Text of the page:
Picking a new Country for a Long-Term Commitment

China? Brazil? Tanzania?

Where would you decide to settle for the next five to twenty years?

We are going to talk a bit about expatriate thinking this month with a series of posts about living abroad for the longer term.

Life abroad can be pretty addictive and many of us who have spent more than three or four years abroad often end up overseas for twenty or more years.

There is an initial hump of two or three years that sends most people “back home”.  That “hump” will be the topic in a following week.

RULE #1:  Don’t fall too much in love with the first place you land.

Too many people arrive in one country and never leave it.

They arrived in Brazil, fell in love with it and never left.  What they never found out is that they would have loved Japan, China, Costa Rica or some other place even more.

Give a few other countries a try too.

Part of what is happening is that people are falling in love with the experience of living abroad, which is pretty d*mn exciting all by itself.  But in the process they attach that love and excitment to the specific country in which they are presently living.   In other words, the same thing would often likely happen in almost any country in which they first landed.

I was lucky when I started out as I had decided I wanted to see many countries and live in more than a few.  So I spent about two to five years and more living and working in Botswana, Korea, Thailand, Saudi Arabia and South Korea.  That way when I decided to settle down, I had a much broader base of information to call upon for the decision.

Korea was my home twice for three academic years each time, but ten years apart.  It was strange to see so many long termers there that had never left and experienced living and working somewhere else while I have the good fortune to experience two additional countries and cultures in depth during that time.   Don’t misunderstand, Korea is a wonderful place, but don’t limit your options so early in your expatriate experience.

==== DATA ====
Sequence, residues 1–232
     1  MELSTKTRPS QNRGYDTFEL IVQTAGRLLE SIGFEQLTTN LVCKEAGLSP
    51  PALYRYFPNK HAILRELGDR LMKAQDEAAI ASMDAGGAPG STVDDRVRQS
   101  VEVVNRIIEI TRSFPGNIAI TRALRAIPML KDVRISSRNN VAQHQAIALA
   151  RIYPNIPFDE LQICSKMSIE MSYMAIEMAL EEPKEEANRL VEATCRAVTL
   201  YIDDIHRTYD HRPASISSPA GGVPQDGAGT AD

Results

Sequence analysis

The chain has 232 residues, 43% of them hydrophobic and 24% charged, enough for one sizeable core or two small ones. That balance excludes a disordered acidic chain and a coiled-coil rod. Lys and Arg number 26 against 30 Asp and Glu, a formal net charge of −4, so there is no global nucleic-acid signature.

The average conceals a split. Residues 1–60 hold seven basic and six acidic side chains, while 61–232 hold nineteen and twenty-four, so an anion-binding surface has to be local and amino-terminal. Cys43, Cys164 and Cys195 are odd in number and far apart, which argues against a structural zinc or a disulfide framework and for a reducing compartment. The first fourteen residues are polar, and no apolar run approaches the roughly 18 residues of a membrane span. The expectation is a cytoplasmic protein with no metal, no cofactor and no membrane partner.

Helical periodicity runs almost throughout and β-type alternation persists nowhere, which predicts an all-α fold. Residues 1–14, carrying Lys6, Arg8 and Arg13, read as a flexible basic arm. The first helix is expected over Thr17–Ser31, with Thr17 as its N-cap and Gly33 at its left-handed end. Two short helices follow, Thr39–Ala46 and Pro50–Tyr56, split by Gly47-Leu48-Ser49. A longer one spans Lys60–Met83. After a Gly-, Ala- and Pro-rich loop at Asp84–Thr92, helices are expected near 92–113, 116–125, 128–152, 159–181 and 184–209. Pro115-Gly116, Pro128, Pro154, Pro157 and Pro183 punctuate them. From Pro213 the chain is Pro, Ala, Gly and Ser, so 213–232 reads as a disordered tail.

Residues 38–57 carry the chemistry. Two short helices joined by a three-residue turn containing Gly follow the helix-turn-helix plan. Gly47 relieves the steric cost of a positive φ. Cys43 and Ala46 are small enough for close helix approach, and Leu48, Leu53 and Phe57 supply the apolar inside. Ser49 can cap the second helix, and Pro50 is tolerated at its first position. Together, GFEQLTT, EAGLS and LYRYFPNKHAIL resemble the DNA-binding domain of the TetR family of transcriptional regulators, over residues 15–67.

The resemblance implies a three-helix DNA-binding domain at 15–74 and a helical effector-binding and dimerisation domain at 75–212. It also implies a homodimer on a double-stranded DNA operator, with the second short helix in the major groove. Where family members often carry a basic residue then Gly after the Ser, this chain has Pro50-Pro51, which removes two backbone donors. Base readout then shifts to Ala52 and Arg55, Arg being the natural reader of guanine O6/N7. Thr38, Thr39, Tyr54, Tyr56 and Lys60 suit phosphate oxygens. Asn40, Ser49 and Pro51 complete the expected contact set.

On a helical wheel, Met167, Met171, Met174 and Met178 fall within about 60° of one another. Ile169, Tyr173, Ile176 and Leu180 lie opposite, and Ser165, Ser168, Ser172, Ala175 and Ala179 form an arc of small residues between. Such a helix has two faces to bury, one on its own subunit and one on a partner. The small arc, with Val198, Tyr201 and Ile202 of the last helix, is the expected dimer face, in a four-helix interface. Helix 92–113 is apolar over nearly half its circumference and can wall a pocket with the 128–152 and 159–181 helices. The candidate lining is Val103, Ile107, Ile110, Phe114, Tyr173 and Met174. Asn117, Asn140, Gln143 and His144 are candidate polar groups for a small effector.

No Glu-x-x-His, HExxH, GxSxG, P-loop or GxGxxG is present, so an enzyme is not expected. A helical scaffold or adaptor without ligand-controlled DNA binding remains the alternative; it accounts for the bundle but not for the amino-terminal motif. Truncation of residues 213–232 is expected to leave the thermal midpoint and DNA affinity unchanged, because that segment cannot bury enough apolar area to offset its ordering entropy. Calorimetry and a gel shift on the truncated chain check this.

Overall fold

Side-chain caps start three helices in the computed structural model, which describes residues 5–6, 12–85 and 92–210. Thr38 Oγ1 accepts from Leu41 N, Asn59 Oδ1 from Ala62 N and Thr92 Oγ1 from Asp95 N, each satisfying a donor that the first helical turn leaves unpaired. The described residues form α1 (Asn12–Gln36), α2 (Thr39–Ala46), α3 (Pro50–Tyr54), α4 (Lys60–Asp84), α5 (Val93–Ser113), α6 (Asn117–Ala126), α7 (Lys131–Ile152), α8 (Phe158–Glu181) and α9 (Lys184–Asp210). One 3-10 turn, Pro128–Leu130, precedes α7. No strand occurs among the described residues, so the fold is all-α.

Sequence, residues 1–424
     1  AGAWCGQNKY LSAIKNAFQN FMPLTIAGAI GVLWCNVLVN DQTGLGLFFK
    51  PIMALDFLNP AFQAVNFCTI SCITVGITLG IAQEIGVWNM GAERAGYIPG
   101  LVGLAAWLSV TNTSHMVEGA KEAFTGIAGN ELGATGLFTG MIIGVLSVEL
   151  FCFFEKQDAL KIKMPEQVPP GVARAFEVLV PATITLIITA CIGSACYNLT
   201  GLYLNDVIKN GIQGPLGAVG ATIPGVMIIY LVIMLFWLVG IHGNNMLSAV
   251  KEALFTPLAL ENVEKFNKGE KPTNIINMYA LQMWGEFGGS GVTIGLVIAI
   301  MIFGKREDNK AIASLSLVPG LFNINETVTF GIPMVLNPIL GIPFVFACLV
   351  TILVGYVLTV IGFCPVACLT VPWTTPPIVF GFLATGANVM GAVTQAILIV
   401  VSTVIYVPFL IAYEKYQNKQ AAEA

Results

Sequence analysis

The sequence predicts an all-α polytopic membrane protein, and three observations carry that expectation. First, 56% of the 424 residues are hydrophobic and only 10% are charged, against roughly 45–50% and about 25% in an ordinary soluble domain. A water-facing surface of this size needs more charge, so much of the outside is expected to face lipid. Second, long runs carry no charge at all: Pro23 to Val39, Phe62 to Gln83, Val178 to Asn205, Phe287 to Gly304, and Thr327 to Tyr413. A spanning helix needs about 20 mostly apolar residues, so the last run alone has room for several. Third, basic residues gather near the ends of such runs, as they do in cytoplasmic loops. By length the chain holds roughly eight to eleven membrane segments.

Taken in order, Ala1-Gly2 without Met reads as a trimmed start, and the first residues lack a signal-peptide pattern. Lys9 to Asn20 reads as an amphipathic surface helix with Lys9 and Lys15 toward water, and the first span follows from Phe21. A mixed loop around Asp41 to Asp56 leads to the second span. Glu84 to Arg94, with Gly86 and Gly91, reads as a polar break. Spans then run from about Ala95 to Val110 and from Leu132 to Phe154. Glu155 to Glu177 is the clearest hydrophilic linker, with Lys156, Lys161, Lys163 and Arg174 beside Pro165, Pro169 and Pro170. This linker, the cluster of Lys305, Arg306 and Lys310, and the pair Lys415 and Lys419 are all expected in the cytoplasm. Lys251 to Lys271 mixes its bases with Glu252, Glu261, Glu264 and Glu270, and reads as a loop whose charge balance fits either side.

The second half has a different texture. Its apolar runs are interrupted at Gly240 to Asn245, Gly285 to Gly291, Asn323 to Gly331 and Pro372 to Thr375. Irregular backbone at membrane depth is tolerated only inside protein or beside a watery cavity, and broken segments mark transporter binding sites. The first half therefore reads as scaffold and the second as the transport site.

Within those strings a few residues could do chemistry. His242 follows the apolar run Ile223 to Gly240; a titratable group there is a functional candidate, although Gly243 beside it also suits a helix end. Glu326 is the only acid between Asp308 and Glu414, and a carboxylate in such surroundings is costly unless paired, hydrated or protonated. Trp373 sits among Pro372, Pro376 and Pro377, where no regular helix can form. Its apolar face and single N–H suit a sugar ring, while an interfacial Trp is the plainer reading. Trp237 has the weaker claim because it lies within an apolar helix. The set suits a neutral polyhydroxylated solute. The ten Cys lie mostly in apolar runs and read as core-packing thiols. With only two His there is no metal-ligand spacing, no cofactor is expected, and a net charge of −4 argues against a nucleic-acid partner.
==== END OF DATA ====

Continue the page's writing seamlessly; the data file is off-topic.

If you intend to work abroad only for a year two, then yes, one country is about right.  The cost of moving and changing jobs is a bit much to do it more often than about every two years.

TED’s Tips™ #1:  Don’t close out your options.  If you are going out to “See the World” – go see it and experience it.  LIVE and WORK in more than one place so you can get a broader sense of the real world out here.

Teaching Internships in China

I HATE this Country! TEFL Troubles . . .

Have you heard that before?

If you are an experienced EFL teacher with many years abroad, you have probably heard it from your coworkers more than a few times.  Maybe even said it yourself.

The most common advice given to people who make much statements is something like this: It’s a big world out there. Move to somewhere you really like.

After all life is too short to waste in a country or culture that is not to your liking, isn’t it?

Well . . . yes and no.  Are you supposed to LOVE every country in which you teach? You probably already know that I like playing the Devil’s Advocate and I am going to do that here.

Examine your purpose and reasons for living abroad and if one of them is to better educate yourself about the world then sometimes living in a country/culture that you don’t like/enjoy/feel comfortable with — is an opportunity to learn more and to explore yourself a bit.

In three different countries, I found I quite disliked them the first year I lived there and two of them I came to quite like and enjoy.  One – not.